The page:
Switch to Accessible Site
Start the journey now.The best is yet to come.
Woman Standing on Dock
Woman Standing on Docks

Wallflower Power: Why Understanding Introversion is Important

A Quarter of the Population is Misunderstood
 
As noted in my previous article on the subject: “Introverts tend to be reserved and solitary, while extroverts are typically characterized as outgoing and social.” We have already discussed the fact that about 25% of the population is thought to be introverted. The primary differences between introverts and extroverts are neurological and biological. Introvert brains processes information differently, using many parts of the brain when making decisions and coming to conclusions, and therefore, they have slower processing speeds. The other key difference between introverts and extroverts is the way they feel about social situations. Extroverts tend to feel alive and energized in groups and social settings, while introverts can quickly become exhausted when they are required to interact with a group. Introverts need lots of quiet, alone time to replenish themselves. 

Since extroverts make up the majority of the population, it has become the ideal by default. Introversion is just beginning to be understood, and therefore, we have a misunderstood minority that has been forced to try to live in a world made by and for an extroverted majority. This means that many people who are introverted have been required to behave as if they are extroverts or feel as if there is something wrong with them. This doesn’t benefit anyone because society as a whole loses the valuable input of a sizeable segment when it ignores  introverts. 

The Value of Introverts

When Susan Cain wrote her New York Times bestseller Quiet: The Power of Introverts in a World That Can’t Stop Talking, she got people around the world thinking about introverts and how recognizing and respecting the unique characteristics of introverted people is enormously important. The subsequent TedTalk empowered introverts around the world to start thinking about their own value and how many of the spaces and activities in our culture are designed by and for extroverts. In particular, Cain addressed the way that collaboration and group work has taken the place of independent study and work in many university classes and corporate office environments, and how that may be highly detrimental to innovation, as the most dominant voice in a group is likely to influence the others on a team. Extroverts like to talk through ideas in meetings, whereas introverts need quiet space to think through an idea. This means that introvert voices and opinions can be completely drowned out and lost in group situations. 

Why does this matter? 

Besides the fact that about a quarter of the team goes unheard, introverts are deep thinkers and tend to process matters more thoroughly, so losing their input means losing very thoughtfully considered opinions. The different brain wiring of introverts also makes writing a very valuable means of communication for them. Writing uses different pathways in the brain that speaking does and this form of communication comes naturally to folks who are introverted, allowing for high levels of fluency. Meetings and group projects don’t offer the same space for writing as independent work does, therefore eliminating the ability for introverted individuals to work through problems and in turn, losing their valuable input. Recognizing the introverts in your work and school environment, will allow you to capitalize on their deep thinking and maximize the value of your teams. 

We live in a world that is rich with diversity of all kinds, the more we recognize all the different approaches to thinking and being that exist, the more amazing our world will be.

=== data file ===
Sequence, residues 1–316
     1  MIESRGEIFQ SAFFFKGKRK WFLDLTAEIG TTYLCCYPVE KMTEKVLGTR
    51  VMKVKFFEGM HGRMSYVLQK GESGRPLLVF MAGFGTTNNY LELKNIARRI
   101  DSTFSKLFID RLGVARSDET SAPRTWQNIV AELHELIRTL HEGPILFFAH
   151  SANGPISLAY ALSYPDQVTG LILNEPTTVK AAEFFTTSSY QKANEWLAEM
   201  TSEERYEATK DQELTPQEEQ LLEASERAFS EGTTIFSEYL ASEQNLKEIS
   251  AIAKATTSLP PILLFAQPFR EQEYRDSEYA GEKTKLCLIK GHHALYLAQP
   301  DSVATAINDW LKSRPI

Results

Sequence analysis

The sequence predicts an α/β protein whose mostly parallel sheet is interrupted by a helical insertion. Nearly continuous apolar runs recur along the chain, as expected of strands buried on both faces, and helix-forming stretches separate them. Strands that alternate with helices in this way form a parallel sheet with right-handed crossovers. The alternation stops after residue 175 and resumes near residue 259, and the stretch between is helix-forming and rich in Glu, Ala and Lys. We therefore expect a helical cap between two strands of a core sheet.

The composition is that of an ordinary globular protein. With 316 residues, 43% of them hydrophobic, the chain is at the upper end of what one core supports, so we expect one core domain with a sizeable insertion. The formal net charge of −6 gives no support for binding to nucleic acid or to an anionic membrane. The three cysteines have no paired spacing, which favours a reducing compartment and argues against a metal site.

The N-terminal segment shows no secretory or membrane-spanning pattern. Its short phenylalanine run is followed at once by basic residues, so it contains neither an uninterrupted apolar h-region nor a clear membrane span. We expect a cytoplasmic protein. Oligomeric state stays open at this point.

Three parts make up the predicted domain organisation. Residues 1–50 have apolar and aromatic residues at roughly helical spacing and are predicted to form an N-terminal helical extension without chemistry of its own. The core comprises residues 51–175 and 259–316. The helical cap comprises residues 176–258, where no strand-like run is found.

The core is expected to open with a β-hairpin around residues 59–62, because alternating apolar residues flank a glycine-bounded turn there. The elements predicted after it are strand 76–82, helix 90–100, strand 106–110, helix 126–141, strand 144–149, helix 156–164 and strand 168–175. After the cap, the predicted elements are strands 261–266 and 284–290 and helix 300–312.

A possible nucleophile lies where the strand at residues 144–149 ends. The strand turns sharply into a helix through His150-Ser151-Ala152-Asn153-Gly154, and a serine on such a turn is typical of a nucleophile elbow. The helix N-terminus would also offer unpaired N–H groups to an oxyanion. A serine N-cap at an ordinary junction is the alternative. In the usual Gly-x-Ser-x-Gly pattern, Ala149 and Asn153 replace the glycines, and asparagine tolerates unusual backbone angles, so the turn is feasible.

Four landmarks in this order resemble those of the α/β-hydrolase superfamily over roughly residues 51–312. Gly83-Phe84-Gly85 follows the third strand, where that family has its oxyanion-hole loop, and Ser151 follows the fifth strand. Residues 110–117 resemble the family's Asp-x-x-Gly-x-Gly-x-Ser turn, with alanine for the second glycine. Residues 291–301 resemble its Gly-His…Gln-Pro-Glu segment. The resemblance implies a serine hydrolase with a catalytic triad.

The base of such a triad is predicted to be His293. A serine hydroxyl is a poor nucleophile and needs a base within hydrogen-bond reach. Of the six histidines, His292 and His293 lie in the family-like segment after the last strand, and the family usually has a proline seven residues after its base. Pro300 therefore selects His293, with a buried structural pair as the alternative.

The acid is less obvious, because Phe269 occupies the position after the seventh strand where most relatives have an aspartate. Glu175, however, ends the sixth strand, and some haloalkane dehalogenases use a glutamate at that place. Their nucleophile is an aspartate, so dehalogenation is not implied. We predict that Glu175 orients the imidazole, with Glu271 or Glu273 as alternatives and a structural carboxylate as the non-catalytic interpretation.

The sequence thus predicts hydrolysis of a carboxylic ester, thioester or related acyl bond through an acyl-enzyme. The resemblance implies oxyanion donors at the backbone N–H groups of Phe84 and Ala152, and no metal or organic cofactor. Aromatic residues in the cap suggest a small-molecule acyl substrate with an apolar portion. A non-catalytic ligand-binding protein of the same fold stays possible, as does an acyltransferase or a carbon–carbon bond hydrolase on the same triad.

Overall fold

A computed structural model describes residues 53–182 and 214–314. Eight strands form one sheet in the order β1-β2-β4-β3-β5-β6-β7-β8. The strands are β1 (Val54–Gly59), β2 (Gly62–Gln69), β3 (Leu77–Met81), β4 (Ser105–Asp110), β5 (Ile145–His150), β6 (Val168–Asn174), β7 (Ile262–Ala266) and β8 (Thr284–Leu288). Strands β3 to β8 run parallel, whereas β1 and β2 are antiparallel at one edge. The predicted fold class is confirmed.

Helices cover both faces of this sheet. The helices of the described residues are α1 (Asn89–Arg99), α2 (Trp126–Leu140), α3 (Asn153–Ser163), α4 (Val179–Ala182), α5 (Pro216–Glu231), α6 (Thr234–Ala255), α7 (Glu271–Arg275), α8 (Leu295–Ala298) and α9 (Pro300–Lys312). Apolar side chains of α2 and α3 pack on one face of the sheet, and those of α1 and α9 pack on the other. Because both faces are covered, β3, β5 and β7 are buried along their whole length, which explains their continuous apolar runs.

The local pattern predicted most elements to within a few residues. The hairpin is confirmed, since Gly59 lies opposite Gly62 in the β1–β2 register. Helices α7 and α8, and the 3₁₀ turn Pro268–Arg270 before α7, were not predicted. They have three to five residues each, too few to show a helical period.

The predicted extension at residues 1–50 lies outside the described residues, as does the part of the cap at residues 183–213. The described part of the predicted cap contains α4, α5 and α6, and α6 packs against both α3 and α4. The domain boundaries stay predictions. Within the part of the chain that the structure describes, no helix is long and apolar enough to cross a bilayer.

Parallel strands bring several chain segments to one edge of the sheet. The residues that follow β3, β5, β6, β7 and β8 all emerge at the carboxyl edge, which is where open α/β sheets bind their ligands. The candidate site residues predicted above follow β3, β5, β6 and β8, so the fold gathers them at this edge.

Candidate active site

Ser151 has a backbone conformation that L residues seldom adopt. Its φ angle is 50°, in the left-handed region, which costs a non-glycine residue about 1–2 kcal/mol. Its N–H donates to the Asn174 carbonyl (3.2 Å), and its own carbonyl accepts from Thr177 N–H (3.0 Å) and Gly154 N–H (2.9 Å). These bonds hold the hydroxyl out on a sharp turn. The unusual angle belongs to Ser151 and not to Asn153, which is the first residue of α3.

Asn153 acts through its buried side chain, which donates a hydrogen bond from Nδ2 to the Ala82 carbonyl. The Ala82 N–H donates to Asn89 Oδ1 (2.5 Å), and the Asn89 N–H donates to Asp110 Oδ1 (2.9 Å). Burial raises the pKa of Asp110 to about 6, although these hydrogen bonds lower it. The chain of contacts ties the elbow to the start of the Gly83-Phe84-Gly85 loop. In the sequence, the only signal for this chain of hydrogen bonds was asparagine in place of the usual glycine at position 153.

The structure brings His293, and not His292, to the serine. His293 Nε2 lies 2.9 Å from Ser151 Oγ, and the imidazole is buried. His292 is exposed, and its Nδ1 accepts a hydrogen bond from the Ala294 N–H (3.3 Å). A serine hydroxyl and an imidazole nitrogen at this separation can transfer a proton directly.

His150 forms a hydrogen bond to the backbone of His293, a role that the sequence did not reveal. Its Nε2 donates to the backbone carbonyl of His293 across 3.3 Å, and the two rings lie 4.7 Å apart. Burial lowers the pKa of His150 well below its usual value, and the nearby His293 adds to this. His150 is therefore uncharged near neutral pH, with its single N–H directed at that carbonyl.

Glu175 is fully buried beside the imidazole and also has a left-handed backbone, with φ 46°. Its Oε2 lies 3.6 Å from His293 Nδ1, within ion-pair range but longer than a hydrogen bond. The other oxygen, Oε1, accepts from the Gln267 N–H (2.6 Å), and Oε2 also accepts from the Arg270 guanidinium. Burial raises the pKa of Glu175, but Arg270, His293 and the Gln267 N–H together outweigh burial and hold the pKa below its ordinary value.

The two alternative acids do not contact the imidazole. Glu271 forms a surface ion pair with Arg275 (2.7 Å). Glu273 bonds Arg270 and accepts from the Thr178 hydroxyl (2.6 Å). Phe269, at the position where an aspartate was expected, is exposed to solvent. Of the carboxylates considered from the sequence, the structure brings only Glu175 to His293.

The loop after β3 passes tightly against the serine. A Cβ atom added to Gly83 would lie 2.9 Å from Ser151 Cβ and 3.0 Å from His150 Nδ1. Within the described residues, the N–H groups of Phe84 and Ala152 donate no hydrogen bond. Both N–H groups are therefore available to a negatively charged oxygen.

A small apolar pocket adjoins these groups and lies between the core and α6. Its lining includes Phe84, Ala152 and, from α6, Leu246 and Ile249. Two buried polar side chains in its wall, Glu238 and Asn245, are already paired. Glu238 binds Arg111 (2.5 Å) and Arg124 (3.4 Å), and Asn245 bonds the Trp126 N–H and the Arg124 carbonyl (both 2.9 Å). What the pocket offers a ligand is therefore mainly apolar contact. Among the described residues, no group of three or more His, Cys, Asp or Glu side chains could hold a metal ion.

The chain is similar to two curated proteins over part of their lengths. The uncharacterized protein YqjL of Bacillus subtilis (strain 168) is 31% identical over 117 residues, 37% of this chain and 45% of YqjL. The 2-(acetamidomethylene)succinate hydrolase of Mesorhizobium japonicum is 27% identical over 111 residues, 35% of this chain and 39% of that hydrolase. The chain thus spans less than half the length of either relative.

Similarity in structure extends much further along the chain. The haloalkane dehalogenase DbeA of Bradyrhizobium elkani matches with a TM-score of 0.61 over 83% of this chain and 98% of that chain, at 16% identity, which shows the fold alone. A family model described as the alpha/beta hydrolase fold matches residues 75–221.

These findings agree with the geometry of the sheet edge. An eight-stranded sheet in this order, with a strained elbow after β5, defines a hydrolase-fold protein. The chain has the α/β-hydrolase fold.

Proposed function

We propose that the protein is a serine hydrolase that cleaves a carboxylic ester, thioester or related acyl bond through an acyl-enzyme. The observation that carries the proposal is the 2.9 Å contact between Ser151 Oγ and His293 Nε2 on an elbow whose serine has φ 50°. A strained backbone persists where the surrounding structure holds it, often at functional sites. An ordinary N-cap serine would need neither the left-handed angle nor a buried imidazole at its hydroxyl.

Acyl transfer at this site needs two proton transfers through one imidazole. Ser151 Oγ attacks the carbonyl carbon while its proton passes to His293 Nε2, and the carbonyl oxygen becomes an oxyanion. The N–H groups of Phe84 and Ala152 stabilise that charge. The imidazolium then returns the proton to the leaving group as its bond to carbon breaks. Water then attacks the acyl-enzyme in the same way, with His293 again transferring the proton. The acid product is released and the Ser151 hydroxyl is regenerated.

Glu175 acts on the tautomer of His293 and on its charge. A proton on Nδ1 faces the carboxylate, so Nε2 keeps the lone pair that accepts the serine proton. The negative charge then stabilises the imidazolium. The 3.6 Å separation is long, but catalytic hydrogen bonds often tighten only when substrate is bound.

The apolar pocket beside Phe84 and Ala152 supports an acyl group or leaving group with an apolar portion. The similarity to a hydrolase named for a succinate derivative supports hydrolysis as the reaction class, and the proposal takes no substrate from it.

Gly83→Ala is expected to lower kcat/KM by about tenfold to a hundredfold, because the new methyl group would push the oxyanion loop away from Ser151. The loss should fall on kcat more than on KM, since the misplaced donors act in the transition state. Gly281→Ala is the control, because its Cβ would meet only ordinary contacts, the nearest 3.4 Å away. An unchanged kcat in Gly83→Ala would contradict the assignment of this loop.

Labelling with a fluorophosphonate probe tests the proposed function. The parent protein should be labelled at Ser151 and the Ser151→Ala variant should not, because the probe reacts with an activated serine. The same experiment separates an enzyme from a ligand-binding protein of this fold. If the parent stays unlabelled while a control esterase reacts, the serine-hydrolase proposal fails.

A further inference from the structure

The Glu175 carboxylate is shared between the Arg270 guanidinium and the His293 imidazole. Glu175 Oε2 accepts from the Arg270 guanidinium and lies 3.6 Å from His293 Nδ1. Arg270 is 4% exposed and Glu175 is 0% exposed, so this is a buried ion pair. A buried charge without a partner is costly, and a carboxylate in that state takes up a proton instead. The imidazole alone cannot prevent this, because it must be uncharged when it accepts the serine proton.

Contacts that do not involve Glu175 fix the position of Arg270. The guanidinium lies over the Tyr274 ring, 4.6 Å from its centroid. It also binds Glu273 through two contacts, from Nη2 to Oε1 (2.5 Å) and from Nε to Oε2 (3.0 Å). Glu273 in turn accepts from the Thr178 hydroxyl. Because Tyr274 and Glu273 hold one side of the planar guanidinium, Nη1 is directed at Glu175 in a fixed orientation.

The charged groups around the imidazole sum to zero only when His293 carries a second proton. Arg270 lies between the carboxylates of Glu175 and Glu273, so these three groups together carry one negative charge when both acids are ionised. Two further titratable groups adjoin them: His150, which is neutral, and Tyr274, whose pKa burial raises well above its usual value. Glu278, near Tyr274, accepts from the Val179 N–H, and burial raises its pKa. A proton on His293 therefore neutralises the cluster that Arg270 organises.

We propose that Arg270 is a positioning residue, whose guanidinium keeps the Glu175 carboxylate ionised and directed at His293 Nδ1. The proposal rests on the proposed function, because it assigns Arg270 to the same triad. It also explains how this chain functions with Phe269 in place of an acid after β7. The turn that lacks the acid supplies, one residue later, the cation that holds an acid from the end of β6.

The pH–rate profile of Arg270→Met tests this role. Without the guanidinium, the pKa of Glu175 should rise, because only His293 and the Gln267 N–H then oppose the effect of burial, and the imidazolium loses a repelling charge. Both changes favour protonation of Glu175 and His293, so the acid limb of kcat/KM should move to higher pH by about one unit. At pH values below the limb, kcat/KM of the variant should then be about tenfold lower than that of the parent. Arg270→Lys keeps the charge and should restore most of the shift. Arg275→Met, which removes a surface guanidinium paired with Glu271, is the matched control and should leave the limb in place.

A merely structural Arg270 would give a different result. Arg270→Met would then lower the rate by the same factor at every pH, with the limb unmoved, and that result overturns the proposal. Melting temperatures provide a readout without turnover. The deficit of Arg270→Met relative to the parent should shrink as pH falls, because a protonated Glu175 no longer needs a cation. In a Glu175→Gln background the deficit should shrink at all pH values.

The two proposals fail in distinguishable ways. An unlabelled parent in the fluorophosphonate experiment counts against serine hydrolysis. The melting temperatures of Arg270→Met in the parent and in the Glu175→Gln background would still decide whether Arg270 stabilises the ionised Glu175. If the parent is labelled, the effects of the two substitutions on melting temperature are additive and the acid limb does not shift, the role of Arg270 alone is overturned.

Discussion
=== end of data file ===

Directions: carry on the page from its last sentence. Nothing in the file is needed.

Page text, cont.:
Wondering if you may be an introvert? Take Susan Cain’s informal quiz to find out.

Sincerely, 
Dr. Eileen Wynne




References
 

v


Wallflower-Power.png

A Quarter of the Population is Misunderstood
 
As noted in my previous article on the subject: “Introverts tend to be reserved and solitary, while extroverts are typically characterized as outgoing and social.” We have already discussed the fact that about 25% of the population is thought to be introverted. The primary differences between introverts and extroverts are neurological and biological. Introvert brains processes information differently, using many parts of the brain when making decisions and coming to conclusions, and therefore, they have slower processing speeds. The other key difference between introverts and extroverts is the way they feel about social situations. Extroverts tend to feel alive and energized in groups and social settings, while introverts can quickly become exhausted when they are required to interact with a group. Introverts need lots of quiet, alone time to replenish themselves. 

Since extroverts make up the majority of the population, it has become the ideal by default. Introversion is just beginning to be understood, and therefore, we have a misunderstood minority that has been forced to try to live in a world made by and for an extroverted majority. This means that many people who are introverted have been required to behave as if they are extroverts or feel as if there is something wrong with them. This doesn’t benefit anyone because society as a whole loses the valuable input of a sizeable segment when it ignores  introverts. 

The Value of Introverts

When Susan Cain wrote her New York Times bestseller Quiet: The Power of Introverts in a World That Can’t Stop Talking, she got people around the world thinking about introverts and how recognizing and respecting the unique characteristics of introverted people is enormously important. The subsequent TedTalk empowered introverts around the world to start thinking about their own value and how many of the spaces and activities in our culture are designed by and for extroverts. In particular, Cain addressed the way that collaboration and group work has taken the place of independent study and work in many university classes and corporate office environments, and how that may be highly detrimental to innovation, as the most dominant voice in a group is likely to influence the others on a team. Extroverts like to talk through ideas in meetings, whereas introverts need quiet space to think through an idea. This means that introvert voices and opinions can be completely drowned out and lost in group situations.